Unquestionably, if Bobby Jones had said "Gentlemen, there's this fellow named Sifford, he's a tour winner, he's clearly good enough to play in our tournament, and I think we should include him in this year's field" Sifford or Brown would have been invited. But Jones did not do that, did he? He did not want a black golfer playing in the Masters, otherwise one would have been invited.
Let's talk about what sort of black people Jones did have at Augusta National. "Before 1982 all players in the Masters were required to use the services of an Augusta National Club caddy, who by club tradition was always an African American. Indeed, club co-founder Clifford Roberts is reputed to have said, "As long as I'm alive, golfers will be white, and caddies will be black." " http://en.wikipedia.org/wiki/Masters_Tournament#Other_traditions. Why the white jumpsuit? Surely it was to make it abundantly clear that any black person on the grounds of Augusta National was there as a servant - it was a uniform akin to a prison jumpsuit. But rather than admit that, the Masters Committee continued to require the jumpsuit after 1982 when players could bring their own caddies.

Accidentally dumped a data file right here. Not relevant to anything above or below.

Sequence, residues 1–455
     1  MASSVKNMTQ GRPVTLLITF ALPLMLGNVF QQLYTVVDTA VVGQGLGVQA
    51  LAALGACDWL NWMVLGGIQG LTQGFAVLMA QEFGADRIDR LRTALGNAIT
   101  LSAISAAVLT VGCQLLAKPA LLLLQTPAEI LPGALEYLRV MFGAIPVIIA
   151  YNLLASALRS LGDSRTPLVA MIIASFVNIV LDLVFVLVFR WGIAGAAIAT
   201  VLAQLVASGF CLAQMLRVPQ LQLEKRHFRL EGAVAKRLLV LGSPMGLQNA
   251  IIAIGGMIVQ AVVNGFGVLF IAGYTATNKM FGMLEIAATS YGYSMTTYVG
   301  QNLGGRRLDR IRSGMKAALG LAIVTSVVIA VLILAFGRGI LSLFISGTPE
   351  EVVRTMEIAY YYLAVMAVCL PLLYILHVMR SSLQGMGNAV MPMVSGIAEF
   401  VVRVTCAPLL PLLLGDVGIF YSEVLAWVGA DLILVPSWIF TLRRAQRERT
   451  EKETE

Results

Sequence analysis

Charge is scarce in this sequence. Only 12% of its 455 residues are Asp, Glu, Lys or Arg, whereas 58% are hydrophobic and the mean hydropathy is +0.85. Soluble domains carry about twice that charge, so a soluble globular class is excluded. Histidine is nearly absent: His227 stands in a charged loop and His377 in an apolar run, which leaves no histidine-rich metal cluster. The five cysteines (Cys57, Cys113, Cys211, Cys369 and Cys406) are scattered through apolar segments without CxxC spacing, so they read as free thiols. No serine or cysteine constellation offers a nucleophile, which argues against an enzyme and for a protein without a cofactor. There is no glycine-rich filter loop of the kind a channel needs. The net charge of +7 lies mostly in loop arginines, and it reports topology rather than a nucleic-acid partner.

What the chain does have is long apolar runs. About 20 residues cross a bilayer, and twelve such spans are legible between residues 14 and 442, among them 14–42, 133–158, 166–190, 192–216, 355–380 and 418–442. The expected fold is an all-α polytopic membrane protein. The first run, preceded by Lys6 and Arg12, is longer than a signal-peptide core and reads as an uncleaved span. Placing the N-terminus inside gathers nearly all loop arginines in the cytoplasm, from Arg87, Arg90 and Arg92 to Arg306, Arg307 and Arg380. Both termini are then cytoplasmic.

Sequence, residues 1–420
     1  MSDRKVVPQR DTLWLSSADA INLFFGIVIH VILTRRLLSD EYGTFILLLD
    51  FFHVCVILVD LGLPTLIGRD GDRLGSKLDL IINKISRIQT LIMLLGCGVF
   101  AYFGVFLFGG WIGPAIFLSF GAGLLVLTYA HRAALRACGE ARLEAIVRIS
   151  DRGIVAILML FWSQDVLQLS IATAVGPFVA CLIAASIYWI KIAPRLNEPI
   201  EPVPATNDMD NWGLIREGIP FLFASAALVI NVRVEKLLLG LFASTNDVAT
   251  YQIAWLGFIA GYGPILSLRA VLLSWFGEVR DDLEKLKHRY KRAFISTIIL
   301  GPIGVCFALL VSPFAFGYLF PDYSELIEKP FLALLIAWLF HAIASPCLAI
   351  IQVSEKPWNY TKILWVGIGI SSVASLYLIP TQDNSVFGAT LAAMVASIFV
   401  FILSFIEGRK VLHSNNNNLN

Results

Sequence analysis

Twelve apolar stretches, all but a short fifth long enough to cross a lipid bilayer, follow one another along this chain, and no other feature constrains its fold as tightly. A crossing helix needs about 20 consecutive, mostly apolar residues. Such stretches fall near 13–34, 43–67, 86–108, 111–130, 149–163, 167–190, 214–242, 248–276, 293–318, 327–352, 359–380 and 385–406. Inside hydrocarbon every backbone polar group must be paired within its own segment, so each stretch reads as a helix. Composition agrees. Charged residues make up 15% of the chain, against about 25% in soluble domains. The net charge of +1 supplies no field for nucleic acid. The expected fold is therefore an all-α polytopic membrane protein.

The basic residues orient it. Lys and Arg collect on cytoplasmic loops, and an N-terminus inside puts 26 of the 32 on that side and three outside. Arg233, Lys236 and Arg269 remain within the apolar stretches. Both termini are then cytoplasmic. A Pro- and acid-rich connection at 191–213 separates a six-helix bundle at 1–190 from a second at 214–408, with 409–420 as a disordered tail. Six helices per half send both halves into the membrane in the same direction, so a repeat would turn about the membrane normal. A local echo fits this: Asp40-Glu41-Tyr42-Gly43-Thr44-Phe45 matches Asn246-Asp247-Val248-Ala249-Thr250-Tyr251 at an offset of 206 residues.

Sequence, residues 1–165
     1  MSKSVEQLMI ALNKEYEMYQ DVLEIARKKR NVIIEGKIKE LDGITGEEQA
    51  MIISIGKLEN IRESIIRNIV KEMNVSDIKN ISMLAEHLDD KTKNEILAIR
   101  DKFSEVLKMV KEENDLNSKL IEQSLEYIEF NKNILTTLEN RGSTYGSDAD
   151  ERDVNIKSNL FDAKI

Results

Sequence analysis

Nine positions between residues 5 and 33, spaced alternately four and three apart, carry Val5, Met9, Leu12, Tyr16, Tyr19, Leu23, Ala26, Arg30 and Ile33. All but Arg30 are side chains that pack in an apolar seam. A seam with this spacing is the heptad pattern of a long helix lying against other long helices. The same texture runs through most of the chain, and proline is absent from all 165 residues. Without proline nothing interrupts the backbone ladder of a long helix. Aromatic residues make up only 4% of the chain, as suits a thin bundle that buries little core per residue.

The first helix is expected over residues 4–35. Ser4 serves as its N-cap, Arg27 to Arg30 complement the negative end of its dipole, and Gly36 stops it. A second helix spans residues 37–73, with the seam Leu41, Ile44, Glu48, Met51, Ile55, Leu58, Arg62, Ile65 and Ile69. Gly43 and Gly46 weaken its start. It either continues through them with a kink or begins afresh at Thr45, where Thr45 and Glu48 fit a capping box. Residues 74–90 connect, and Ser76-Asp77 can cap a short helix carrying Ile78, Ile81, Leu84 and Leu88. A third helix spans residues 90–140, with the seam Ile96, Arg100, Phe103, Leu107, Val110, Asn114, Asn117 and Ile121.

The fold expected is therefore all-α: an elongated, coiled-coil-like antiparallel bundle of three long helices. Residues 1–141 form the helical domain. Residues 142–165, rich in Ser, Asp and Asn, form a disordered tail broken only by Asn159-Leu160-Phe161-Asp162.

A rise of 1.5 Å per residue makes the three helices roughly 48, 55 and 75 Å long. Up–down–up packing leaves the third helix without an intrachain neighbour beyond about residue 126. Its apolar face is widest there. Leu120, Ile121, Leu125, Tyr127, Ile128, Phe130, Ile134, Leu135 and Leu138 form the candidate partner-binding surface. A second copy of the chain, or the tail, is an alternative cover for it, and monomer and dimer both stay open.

Of course, we'll hear some sniveling retorts about how racism was a part of Southern culture in the 30's, 40's, 50's, 60's and early 70's and how we can't blame an individual for simply being a part of that culture. And such an argument is a load of crap. Personal integrity is above societal trends. Tom Watson had personal integrity when he quit the Kansas City Country Club because of its racist policies. Bobby Jones had no such personal integrity. The argument "You can't blame an individual for a society's prejudices" holds even less credence when that individual is a leader and acknowledged as a great man, as was the case with Bobby Jones. I personally don't fully understand the exceedingly high level of respect that certain sports figures have had, but only a very few athletes have been revered as Bobby Jones was. If he wanted to end racism at Augusta and at the Masters, single-handedly he could have accomplished it - he WAS Augusta, he had that amount of clout and influence. The fact that racism at Augusta National continued during his lifetime meant that he didn't want the status quo to change. That makes him a racist.